Today is a rare day off, so of course it is filled with chores and other grown-up things that need to get done during the workday.  But since those adult tasks did not begin until 1 pm, I did stay up until the wee hours of the morning watching the final episodes of Six Feet Under, a show about a family-run funeral home.  The show is known for having one of the best finales, and I can vouch that it was So. Totally. Worth. It. to stay up until 4 a.m. to finish the last DVD.  Beautiful, and an interesting study of humanity to boot.  It has taken me a while to fully appreciate the TV show as an art form, but I think I finally get least in regards to this show.  Anybody else out there watched it?

All of that is a rather rambly lead-up to the fact that am just a wee bee goofy from lack of sleep and giddyness at the show's ending.  And right now I'm at the Toyota dealership so Flapper Fay can get her oil changed and her tires rotated (they have free coffee!) and I have just realized I have dropped a straight needle somewhere so I can't knit on the scarf I brought.  It is probably back at home since the plastic bag I carry the project in is poked full of holes, which is a hazard of working with straight needles.  So now I am blogging instead of knitting as time creeps by.

Oh hey, Fay is ready!

Friday, April 29, 2011

Inspiration: Steampunk

Tomorrow, weather permitting (Dear spring weather, Please stay! <3) the Pirate and I will go rummage around the flea market for steam punk costume accessories, small picture frames, and whatever else strikes our fancy.  I have been overcome with the urge to buy wee picture wooden frames and make small, colorful paintings to go in them.

In the spirit of all things steampunk, I love the house profiled at this blog.  Awesomeness:

And now I am off to go bother the knitshop for chocolate and yarn.

Monday, April 25, 2011

Happiness is...

I learned to knit on a pair of size 11, Clover bamboo straights.

"If you are going to knit, you are going to knit with good tools," Knitting Teacher told me as she pulled the needles down off the top shelf at Joanne's.  "Bamboo warms in your hands and gets smoother as you use it."  I really liked the idea of a tool that became personalized as you used it, so I kept track of my needles and check how smooth they had gotten after every crooked scarf.  I wondered if I could knit so much that the letters carved into the middle of the needle could be rubbed off and vowed to try.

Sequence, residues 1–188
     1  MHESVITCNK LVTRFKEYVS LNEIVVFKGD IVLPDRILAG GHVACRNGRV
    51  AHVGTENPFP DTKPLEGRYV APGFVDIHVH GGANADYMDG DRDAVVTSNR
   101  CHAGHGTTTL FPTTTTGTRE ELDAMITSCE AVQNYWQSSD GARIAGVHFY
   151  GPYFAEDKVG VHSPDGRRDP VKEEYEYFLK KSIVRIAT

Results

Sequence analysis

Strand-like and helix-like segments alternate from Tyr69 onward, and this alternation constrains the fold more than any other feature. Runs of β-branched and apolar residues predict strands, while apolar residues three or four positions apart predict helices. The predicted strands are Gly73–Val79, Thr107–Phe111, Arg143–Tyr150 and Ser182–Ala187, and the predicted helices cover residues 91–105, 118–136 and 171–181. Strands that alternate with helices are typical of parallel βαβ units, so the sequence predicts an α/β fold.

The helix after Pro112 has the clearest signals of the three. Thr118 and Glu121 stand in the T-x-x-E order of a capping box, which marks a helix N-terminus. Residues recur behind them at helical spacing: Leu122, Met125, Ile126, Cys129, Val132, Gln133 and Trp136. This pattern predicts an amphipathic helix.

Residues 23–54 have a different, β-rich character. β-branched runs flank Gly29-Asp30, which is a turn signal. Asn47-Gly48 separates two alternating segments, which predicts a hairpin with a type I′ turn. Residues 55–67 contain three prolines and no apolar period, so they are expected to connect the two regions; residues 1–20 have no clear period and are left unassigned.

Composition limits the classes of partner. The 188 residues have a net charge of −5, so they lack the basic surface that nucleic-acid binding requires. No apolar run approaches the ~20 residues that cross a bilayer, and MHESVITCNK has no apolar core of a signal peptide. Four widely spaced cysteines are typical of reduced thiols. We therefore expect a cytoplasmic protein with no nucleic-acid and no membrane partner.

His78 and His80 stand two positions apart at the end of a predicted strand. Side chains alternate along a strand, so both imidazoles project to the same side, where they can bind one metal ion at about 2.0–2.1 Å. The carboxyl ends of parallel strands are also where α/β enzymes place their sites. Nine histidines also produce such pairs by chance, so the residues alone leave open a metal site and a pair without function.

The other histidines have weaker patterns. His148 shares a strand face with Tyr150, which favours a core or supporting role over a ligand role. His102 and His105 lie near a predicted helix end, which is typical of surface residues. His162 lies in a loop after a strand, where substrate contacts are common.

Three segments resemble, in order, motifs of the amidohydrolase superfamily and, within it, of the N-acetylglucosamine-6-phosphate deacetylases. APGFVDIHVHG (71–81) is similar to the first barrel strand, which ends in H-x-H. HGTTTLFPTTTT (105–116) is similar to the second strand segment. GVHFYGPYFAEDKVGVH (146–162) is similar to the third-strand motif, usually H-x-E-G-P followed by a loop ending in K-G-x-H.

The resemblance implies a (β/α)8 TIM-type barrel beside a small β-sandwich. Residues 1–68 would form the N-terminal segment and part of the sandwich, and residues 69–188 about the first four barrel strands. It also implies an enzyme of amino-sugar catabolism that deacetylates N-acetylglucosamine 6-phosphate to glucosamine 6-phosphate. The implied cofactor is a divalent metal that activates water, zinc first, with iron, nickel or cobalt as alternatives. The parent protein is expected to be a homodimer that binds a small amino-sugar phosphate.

For the next several years I never even looked at other needles, with the exception of a pack of metal size 8 double-points that slipped out of my knitting if I sneezed too hard or lifted my project off the table at just the right angle.  It took me a while to realize bamboo was not the most prized needle among knitters, and that many knitters weren't thrilled with bamboo; it bent in the smaller sizes, it didn't have a sharp enough point, they dented, they broke too easy, the cat could eat them.  Addi Turbo was where it was at; every pair brought into Smith's (before Smith's had them in, that is) was passed around the table and fondled like a high priced skein of cashmere.  In fact, the only person who didn't like Addi Turbos that I knew of was Grumperina.  She didn't just dislike them, she called them names: Addi Stumpos for their blunt tips.  It felt like blasphemy.

So I tried other needles.  I bought myself some Knit Picks sock needles; they were very stabby, made my hands cramp, and tightened my gauge too much.  I inherited a whack of Susan Bates; colorful, but too easy to pull out mid-project. I borrowed some Addi Turbo for a weekend; too slick and indeed, too blunt.  I knit a few rounds with Signatures on Sparkle's socks; awesome grip, but too pointy (I push my needles a lot with my pointer finger).  I tried enough that I couldn't be accused of not trying.

And so I came back to bamboo (Clover, specifically) for all the reasons that people shied away from it: it was soft, it was warm, it bent, it had just the right amount of grab, and the points were Just Right.  (Since I have no cats, I was not concerned about my needles being edible.)

I suppose the ultimate moral of the story that can be applied outside knitting is "To each his/her own."  Really, who but you (or the people who buy you knitting supplies) cares what needles you use?  No one.  Not even the airports (see Yarn Harlot).  What tools you use don't matter, as long as you get the job done.  I just find it very interesting that for such a simple act, pulling loops of yarn through other loops of yarn, there are so many different tools to get that done and so many different people who have their own unique tastes.


Fortunately for me, Cory likes metal needles for all the reasons I don't and I like bamboo needles for all the reasons she doesn't.  ("I really want to get another pair of Signatures" she says randomly as I type this) Needle swap!

Metal needles not pictured.

Maybe now this sock will get done in a timely fashion, since I wasn't knitting on it because of the metal needles I was using.  Sometimes happiness is a bamboo needle.

Friday, April 22, 2011

Friday Hoorays and Pre-destination

  • I am cat-sitting for Gary the Pinhead.  Hooray! Though our interactions consist of him hissing at me and my giving him food, I am having a grand time.  (Can you tell I am cat deprived)  Hopefully by the next week I will have figured out his favorite flavor of Friskies and he will let me pet his head.